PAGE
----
Catatonia in Down syndrome: systematic approach to diagnosis, treatment and outcome assessment based on a case series of seven patients
Received 13 April 2019
Accepted for publication 31 July 2019
Published 20 September 2019 Volume 2019:15 Pages 2723—2741
Checked for plagiarism Yes
Review by Single anonymous peer review
Peer reviewer comments 2
Editor who approved publication: Dr Roger Pinder
Judith H Miles,1,2 Nicole Takahashi,2 Julie Muckerman,2 Kerri P Nowell,2,3 Muaid Ithman4
1Department of Child Health, University of Missouri Healthcare, Columbia, MO, USA; 2Thompson Center for Autism and Neurodevelopmental Disorders, University of Missouri, Columbia, MO, USA; 3Department of Health Psychology, University of Missouri Healthcare, Columbia, MO, USA; 4Department of Psychiatry, University of Missouri Health Care, Columbia, MO, USA
Correspondence: Judith H Miles
Thompson Center for Autism and Neurodevelopmental Disorders, 205 Portland Street, Columbia, MO 65211, USA
Tel +1 573 884 6838
Fax +1 573 884 1151
Email [email protected]
Objective: The goal is to expand our knowledge of catatonia occurring in adolescents and young adults with Down syndrome (DS) by describing the first prospective, consecutive, well-characterized cohort of seven young people with DS diagnosed with catatonia and treated between 2013 and 2018, and to assess each patient’s treatment responses. Longitudinal assessment of each patient’s response to treatment is intended to provide clinicians and psychiatrists a firm foundation from which assess treatment efficacy.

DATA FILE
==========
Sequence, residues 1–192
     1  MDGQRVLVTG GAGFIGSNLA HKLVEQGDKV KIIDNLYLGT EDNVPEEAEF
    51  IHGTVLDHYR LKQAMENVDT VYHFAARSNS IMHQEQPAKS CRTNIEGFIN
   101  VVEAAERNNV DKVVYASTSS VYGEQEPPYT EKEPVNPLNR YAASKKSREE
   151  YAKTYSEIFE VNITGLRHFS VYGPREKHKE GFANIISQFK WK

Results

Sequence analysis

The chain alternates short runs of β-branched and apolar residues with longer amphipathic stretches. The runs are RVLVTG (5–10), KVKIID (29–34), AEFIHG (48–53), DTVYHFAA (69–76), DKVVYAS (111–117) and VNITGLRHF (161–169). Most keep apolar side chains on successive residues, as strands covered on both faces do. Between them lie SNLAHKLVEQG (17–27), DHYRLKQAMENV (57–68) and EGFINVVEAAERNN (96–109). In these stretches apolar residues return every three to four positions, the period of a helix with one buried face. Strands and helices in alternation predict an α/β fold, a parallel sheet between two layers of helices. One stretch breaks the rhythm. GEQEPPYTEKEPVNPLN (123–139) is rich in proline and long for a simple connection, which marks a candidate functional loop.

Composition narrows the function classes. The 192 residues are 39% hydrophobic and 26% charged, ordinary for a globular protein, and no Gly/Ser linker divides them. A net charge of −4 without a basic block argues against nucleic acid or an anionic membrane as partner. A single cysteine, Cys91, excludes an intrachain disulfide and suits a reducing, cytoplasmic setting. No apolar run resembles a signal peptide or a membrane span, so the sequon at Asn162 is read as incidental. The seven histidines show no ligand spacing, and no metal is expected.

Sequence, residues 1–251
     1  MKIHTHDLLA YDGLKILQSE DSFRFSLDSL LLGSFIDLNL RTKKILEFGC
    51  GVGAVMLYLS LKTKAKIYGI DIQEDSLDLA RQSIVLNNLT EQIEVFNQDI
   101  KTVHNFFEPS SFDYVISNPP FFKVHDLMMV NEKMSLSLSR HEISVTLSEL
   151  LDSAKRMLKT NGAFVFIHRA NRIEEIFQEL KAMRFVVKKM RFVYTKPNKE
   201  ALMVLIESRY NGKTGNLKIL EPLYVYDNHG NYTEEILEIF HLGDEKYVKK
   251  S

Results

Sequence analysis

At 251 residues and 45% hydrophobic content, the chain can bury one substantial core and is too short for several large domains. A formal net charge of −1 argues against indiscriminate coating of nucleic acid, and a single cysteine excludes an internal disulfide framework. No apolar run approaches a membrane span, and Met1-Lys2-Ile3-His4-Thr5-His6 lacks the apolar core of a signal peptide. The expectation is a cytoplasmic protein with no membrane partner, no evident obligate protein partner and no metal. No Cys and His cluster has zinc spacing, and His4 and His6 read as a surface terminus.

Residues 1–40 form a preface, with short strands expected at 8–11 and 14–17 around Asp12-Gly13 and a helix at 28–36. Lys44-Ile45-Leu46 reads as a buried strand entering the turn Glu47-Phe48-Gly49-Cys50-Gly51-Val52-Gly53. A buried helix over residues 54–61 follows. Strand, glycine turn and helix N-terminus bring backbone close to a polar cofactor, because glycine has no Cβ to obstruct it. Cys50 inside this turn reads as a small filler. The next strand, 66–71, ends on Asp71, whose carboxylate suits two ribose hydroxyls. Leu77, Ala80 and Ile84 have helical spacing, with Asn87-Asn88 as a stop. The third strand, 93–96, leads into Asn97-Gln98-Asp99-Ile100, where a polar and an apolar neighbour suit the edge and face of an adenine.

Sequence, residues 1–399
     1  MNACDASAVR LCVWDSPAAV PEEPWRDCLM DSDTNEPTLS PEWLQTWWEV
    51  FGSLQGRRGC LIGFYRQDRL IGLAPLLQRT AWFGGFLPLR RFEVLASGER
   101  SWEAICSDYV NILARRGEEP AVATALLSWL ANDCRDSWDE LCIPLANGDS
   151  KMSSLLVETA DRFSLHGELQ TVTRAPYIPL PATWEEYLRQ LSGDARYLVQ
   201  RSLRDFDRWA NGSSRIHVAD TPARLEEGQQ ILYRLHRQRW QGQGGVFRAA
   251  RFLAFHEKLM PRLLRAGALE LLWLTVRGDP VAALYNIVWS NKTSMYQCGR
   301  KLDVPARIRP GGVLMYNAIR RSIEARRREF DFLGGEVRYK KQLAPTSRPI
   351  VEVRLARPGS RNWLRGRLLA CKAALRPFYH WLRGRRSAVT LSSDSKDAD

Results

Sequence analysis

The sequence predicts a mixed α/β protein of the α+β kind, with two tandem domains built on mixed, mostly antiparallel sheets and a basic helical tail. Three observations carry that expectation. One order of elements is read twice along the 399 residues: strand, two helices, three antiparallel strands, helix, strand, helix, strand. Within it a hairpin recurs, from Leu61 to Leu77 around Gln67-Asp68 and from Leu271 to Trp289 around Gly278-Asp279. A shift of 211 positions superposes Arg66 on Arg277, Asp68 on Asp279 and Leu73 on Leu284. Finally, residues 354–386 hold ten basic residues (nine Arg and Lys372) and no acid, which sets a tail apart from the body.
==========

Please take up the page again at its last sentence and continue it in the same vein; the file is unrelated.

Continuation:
Study design: Young adults with Down syndrome were consecutively enrolled in the study as they were diagnosed with catatonia. A comprehensive data set included medical, laboratory, developmental, demographic, family, social and genetic data, including query into disorders for which individuals with DS are at risk. Catatonia was diagnosed based on an unequivocal history of regression, positive Bush-Francis Catatonia Rating Scale and positive response to intravenous lorazepam. Patients’ longitudinal progress was monitored using the Catatonia Impact Scale (CIS) developed for this purpose.
Results: Seven consecutive DS patients, who presented with unequivocal regression were diagnosed with catatonia and treated for 2.7–6 years using standard-of-care therapies; primarily GABA agonist, lorazepam, electroconvulsive therapy (ECT) and glutamate antagonists (dextromethorphan/quinidine, memantine, minocycline). Responses to each treatment modality were assessed at clinic visits and through weekly electronic CIS reports.
Conclusion: Seven young adults with DS were diagnosed with catatonia; all responded to Lorazepam and/or ECT therapy with good to very good results. Though ECT most dramatically returned patients to baseline, symptoms often returned requiring additional ECT. Dextromethorphan/quinidine, not used until mid-2017, appeared to reduce the reoccurrence of symptoms following ECT. Though all seven patients improved significantly, each continues to require some form of treatment to maintain a good level of functioning. Findings of a significant number of autoimmune disorders and laboratory markers of immune activation in this population may guide new diagnostic and treatment opportunities.
Keywords: lorazepam, electroconvulsive therapy, dextromethorphan/quinidine, benzodiazepines, Trisomy 21, Bush-Francis Catatonia Rating Scale
Down syndrome (DS), occurs in around one in 800 live births, yielding a prevalence of 200,000–250,000 children and adults in the United States.1–3 A free-standing extra chromosome 21 (Trisomy 21) occurs in 95% of cases. Approximately 2% have a mosaic karyotype with a mixture of normal and trisomy 21 cells. In 3% the trisomy results from a chromosome translocation. Children with DS are born most often to families with no previous DS history.4